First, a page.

Additions, in most cases, are equal to the assessed value of any new buildings, or portions thereof, that were built in the previous year.
Consumer Price Index (i.e., CPI, or the inflation rate) is equal to that which was experienced in the state of Michigan in the prior year. This figure is determined by the Michigan Department of Treasury.
When can I appeal my property assessment?
Property assessments are appealed to the March Board of Review. This is held every year by law, beginning on the second Monday in March. Danby Township generally has two days of hearings. You may appeal in person or by letter. If you wish to appeal in person, you must call the Assessor for an appointment.
The March Board of Review has the ability to correct assessments, change property classification and grant poverty exemptions. If a residential property is not appealed to the March Board of Review, the assessment is final until the following year
What is the Principal Residence Exemption (PRE)?
The Homeowner's Principal Residence Exemption is a product of the property tax reforms put in place by the legislature in 1994, generally known as Proposal A. The Principal Residence Exemption excuses the residential owner-occupied property from 18 mills of the total millage levied as property tax. The purpose is to relieve taxpayers of a portion of the burden of funding public schools. Eligibility is for primary residences only. Second homes, cottages and rental properties are not eligible and must pay the full millage -- as do all commercial and industrial properties. Be sure to check the P.R.E. section of your assessment notice or tax bill and verify that you are receiving this exemption. Most home owners see a 100% in this section.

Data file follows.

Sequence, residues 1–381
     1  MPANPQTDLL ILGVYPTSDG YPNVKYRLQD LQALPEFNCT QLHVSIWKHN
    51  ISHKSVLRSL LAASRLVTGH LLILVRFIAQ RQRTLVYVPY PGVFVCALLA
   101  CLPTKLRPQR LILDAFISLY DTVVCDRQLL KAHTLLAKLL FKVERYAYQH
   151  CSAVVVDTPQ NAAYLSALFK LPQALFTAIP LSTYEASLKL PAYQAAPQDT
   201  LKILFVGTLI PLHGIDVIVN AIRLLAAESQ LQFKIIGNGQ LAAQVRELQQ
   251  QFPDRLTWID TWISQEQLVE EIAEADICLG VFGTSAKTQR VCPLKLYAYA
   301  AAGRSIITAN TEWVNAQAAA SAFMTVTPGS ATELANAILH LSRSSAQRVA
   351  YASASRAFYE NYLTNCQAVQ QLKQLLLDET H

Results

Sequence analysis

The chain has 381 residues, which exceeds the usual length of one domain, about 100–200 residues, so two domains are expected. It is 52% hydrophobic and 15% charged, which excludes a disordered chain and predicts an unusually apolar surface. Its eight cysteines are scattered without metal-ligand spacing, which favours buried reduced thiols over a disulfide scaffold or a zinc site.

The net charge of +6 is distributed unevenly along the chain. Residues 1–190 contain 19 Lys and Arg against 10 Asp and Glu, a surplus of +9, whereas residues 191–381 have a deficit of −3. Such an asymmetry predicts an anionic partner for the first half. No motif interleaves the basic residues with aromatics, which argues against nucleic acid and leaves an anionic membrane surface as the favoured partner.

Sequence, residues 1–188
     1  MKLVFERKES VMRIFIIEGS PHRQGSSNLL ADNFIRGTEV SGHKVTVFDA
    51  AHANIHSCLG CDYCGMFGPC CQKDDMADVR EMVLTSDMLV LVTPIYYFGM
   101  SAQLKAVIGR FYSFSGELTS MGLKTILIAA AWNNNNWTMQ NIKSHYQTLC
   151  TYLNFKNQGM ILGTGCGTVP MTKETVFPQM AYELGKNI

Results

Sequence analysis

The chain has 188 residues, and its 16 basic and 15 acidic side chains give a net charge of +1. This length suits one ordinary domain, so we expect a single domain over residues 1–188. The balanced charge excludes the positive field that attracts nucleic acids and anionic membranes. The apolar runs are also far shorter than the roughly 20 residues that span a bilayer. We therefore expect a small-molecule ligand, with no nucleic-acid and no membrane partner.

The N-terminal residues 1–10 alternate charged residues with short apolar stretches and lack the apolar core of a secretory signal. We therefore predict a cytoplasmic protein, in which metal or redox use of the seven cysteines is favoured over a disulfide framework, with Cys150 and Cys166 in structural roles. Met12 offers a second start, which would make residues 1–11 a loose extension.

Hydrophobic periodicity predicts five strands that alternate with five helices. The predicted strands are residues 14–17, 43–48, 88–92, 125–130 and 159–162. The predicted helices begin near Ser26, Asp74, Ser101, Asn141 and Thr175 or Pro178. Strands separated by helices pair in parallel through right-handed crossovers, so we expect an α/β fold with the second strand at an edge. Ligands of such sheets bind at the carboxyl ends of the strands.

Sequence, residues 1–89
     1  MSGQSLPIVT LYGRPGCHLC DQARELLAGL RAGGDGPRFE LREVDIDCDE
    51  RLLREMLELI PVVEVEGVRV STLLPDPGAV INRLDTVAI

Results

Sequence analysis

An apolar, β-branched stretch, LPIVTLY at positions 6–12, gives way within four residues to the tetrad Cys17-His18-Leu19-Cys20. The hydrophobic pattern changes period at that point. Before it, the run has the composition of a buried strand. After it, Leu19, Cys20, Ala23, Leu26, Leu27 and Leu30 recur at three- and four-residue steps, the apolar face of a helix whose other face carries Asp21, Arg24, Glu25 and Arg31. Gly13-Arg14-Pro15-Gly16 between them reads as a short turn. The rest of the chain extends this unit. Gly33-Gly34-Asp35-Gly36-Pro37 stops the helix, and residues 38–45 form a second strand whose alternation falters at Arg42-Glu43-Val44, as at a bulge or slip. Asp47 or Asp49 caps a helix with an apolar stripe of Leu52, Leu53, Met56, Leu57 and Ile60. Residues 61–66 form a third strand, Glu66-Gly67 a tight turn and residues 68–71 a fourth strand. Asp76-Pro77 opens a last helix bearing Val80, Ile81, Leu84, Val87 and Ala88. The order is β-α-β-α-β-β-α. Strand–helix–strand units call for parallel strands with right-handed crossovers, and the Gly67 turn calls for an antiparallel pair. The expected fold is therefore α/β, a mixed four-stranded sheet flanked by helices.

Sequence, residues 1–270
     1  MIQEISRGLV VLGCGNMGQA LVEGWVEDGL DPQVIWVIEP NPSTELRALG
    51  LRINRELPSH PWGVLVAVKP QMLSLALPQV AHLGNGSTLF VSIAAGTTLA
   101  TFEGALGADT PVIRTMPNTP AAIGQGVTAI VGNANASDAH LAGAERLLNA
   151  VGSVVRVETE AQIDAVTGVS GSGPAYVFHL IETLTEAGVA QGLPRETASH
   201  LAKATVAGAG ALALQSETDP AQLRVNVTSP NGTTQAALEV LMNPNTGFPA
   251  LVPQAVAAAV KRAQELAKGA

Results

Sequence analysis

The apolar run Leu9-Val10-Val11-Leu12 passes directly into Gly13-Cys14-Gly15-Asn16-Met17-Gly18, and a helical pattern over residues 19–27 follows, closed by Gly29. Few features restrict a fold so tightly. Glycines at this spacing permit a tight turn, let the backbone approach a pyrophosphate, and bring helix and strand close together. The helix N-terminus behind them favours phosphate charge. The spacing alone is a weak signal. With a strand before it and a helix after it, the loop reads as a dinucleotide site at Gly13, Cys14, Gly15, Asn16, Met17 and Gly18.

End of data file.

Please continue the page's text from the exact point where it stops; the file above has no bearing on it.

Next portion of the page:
When you purchase a home (either new construction or an existing home), you must claim the exemption in order to receive it. When you sell your home or change its use, you must rescind the exemption.
HOMEOWNER'S PRINCIPAL RESIDENCE EXEMPTION AFFIDAVIT (Form 2368) is the form used to claim an exemption for your primary residence. To be eligible you must own and occupy the home. If you are claiming an exemption for a property that was not exempt for the previous tax year, the filing deadline is May 1. Exemptions in effect on January 1 stay in effect for the calendar year.
CONDITIONALRESCISSIONOF PRINCIPALRESIDENCE EXEMPTION (Form 4640) If a property owner has moved to a new house in Michigan, has a PRE on the new property, the old property is vacant and for sale, the PRE on the old property can be retained for up to three years while for sale.